“I suggested that it's really a kind of discrimination,” Fletcher says.

In 2004, after 15 years convincing private and state insurers one by one to cover rehabilitation for sight loss, the U.S. Medicare program, which provides health insurance to seniors and low-income people, agreed to cover low-vision rehabilitation nationwide.

“That’s one of my better career accomplishments. I might sneak a few brownie points in my heavenly scorecard on that one,” Fletcher says, chuckling.

But Fletcher feels his greatest professional satisfaction from improving the lives of his patients, who after three decades number more than 25,000. This year, their ranks include two women who are 101 years old.

“One little lady was so cute,” Fletcher recalls fondly. “She came in and said, 'Dr. Fletcher, you have to realize that when you're over 100, you slow down a little bit. You're not running races any longer. I've got more time for reading than I used to. But I don't have the vision for it.'"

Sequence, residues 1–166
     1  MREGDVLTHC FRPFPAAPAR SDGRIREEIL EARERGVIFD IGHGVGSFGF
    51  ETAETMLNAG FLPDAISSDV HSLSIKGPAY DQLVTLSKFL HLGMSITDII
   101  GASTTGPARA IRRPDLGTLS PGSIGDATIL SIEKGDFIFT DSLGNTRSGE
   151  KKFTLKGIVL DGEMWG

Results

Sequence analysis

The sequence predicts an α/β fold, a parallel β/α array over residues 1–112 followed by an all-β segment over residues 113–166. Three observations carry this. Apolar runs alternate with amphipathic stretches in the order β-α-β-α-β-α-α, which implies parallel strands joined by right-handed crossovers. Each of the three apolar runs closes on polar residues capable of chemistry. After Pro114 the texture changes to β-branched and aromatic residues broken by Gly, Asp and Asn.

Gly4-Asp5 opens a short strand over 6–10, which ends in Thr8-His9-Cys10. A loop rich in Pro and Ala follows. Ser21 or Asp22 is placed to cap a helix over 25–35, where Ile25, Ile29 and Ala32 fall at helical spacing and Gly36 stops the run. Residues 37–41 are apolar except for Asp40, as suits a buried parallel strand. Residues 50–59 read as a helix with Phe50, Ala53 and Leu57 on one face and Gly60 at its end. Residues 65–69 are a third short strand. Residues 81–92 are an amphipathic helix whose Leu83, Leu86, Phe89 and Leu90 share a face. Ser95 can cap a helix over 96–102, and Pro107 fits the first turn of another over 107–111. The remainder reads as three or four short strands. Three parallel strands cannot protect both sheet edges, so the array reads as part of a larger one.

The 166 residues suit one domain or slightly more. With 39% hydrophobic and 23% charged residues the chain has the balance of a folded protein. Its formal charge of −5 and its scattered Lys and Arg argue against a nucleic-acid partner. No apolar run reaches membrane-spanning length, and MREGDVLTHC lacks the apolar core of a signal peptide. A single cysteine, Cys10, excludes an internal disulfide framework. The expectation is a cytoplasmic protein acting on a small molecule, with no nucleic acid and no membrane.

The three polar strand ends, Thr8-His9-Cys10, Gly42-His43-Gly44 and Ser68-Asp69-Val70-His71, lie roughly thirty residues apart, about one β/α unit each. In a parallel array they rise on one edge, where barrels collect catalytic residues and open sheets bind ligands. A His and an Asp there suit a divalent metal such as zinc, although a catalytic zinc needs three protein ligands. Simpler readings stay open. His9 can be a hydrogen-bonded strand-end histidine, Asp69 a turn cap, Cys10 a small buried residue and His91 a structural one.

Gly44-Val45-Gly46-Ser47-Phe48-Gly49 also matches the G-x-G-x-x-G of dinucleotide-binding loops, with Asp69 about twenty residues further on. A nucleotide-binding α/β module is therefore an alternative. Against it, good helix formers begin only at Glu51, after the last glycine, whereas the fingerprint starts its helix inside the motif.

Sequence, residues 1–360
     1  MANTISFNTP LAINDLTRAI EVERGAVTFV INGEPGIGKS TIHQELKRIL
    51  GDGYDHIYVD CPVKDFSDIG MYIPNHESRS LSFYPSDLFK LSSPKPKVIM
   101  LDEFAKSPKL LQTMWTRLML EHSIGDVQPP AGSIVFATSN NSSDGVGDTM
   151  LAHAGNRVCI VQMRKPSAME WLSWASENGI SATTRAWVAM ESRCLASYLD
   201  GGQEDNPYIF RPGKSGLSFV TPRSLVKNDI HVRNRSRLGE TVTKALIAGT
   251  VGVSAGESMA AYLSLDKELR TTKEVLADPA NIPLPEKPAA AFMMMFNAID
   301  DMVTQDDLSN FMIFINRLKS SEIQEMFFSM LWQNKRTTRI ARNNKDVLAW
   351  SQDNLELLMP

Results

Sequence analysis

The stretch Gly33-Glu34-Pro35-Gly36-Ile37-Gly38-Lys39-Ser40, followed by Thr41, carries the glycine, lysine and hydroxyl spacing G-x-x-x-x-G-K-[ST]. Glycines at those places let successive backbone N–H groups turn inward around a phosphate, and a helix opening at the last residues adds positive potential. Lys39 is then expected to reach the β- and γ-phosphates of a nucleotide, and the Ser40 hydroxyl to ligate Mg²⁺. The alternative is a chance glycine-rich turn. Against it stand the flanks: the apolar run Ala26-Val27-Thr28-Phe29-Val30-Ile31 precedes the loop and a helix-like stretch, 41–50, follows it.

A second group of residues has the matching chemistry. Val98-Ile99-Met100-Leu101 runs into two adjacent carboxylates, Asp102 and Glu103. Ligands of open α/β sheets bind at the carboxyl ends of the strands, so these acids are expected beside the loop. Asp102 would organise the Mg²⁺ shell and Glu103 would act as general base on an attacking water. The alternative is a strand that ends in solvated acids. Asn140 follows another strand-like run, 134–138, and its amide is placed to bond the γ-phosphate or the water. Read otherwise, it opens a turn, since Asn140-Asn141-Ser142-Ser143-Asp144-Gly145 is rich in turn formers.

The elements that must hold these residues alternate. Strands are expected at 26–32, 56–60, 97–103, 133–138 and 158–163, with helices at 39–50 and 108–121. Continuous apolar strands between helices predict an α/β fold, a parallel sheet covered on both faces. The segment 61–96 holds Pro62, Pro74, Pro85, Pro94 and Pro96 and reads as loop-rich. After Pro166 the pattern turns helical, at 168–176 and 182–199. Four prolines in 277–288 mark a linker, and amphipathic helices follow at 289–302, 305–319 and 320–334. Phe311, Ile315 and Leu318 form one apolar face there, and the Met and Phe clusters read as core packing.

Fletcher agreed to help her then asked, “How long do you plan to live? You're 101 now.”

“Well, at least till November,” she replied. “I want to see who wins the election.” 

Award recipients Do Great Things

The University of Alberta Alumni Awards recognize the professional achievements, community service and innovation of graduates around the globe—people who uphold the promise to use their education “for the public good.”

“Dr. Fletcher’s endless optimism, courage, selflessness and innovation represent the very best of what a University of Alberta education can bring the world,” says U of A Alumni president Mary Pat Barry.